MS44-P01 Structural and spectroscopic investigation on the crystallization behavior of Bi2Fe4O9 Andrea Kirsch (University of Bremen, Solid State Chemical Crystallography, Institute of Inorganic Chemistry and Crystallography, Leobener Str. 7, D-28359 , Bremen, Germany) M. Mangir Murshed (University of Bremen, Solid State Chemical Crystallography, Institute of Inorganic Chemistry and Crystallography, Leobener Str. 7, D-28359 , Bremen, Germany) Thorsten M. Gesing (University of Bremen, Solid State Chemical Crystallography, Institute of Inorganic Chemistry and Crystallography, Leobener Str. 7, D-28359 , Bremen, Germany)email: a.kirsch@uni-bremen.de
Materials in the nano-sized regime often show unique and size-dependent properties. Despite intense studies on nanomaterials a systematic structural and spectroscopic study on a given system and the associated size-dependent physical properties is rarely studied, in particular from nano-crystalline into poly-crystalline (bulk) material through a critical size-regime. We carefully investigate the crystallite size-dependent structural features of Bi2Fe4O9 ex-situ as well as in-situ. Temperature-dependent X-ray powder diffraction (XRPD) on an X-ray amorphous precursor of Bi2Fe4O9 stoichiometry revealed that both (Bi1-xFex)FeO3 and Bi2Fe4O9 simultaneously crystallize from 780 K on, and the perovskite phase transformed into Bi2Fe4O9 above 860 K. Thus, heating the precursor above this point for 2 h at a subsequent higher temperature produces pure Bi2Fe4O9 samples with greater average crystallite sizes. As such, twelve samples with different crystallite sizes from 35.3(4) nm to 401(17) nm were produced using the temperatures between 900 K and 1073 K. Rietveld refinements on X-ray powder data collected at ambient condition ex situ showed that the lattice parameters depend on the crystallite size; similar to the trend observed for the evaluated data of the in-situ XRD measurements. Significant changes of the lattice parameters are caused by strong distortions of the FeO4 tetrahedra and cooperative rotation of the FeO6 octahedra. Analyses of the widths and frequencies of the Raman modes support these structural features. The electronic bandgap and the 2nd absorption edge observed at around 700 nm are found to be a function of the crystallite size. Why the Urbach energy steeply drops down from 0.33 eV to 0.19 eV at the crystallite size of 64 nm leaves an open question, which is the critical length of the magnetic cycloidal spiral of the multiferroic BiFeO31.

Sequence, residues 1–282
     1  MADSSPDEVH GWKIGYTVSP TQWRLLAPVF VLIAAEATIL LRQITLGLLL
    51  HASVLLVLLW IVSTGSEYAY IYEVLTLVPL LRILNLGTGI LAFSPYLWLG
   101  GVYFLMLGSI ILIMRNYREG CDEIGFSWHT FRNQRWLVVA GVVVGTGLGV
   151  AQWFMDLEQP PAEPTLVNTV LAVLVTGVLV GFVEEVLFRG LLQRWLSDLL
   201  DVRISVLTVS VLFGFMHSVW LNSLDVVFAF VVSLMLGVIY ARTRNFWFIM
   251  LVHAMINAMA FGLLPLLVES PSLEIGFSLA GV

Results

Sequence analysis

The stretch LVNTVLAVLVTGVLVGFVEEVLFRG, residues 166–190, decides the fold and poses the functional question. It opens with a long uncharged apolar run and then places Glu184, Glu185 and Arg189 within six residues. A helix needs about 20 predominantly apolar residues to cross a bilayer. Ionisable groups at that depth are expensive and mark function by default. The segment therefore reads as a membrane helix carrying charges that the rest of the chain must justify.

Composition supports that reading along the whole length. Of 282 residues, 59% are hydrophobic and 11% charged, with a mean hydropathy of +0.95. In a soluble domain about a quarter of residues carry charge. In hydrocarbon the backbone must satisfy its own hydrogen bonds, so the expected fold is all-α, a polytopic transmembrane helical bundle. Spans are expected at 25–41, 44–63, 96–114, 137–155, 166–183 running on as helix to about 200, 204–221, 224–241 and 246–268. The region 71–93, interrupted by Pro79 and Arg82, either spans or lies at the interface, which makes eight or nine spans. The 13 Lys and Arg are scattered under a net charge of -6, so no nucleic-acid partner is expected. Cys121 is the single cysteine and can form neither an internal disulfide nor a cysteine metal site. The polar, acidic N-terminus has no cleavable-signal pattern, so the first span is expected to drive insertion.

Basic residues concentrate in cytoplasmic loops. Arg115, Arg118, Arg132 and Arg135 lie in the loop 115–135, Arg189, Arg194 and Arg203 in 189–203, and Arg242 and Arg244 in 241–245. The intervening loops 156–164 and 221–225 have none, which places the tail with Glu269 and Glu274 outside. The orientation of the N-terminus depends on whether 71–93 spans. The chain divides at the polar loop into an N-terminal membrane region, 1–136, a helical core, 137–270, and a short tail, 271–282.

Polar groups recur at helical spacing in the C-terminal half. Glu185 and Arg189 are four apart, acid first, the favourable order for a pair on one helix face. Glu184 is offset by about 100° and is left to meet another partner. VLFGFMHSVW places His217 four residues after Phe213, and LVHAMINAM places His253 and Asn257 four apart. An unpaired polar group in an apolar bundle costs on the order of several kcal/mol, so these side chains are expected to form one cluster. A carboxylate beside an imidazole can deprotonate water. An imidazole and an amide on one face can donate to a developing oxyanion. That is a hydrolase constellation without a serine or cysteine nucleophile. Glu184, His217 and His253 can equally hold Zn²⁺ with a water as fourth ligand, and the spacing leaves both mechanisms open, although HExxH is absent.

References:

Sosnowska, I. et al. (1982) J. Phys. C Solid State Phys. 15, 4835–4846.
Keywords: nanocrystalline, size-dependent properties, Bi2Fe4O9